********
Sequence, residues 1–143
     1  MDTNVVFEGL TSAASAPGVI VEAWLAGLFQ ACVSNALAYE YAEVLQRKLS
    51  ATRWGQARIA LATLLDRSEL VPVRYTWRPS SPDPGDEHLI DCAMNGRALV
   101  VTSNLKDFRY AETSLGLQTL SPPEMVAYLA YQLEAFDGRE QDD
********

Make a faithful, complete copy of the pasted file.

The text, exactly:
Sequence, residues 1–143
     1  MDTNVVFEGL TSAASAPGVI VEAWLAGLFQ ACVSNALAYE YAEVLQRKLS
    51  ATRWGQARIA LATLLDRSEL VPVRYTWRPS SPDPGDEHLI DCAMNGRALV
   101  VTSNLKDFRY AETSLGLQTL SPPEMVAYLA YQLEAFDGRE QDD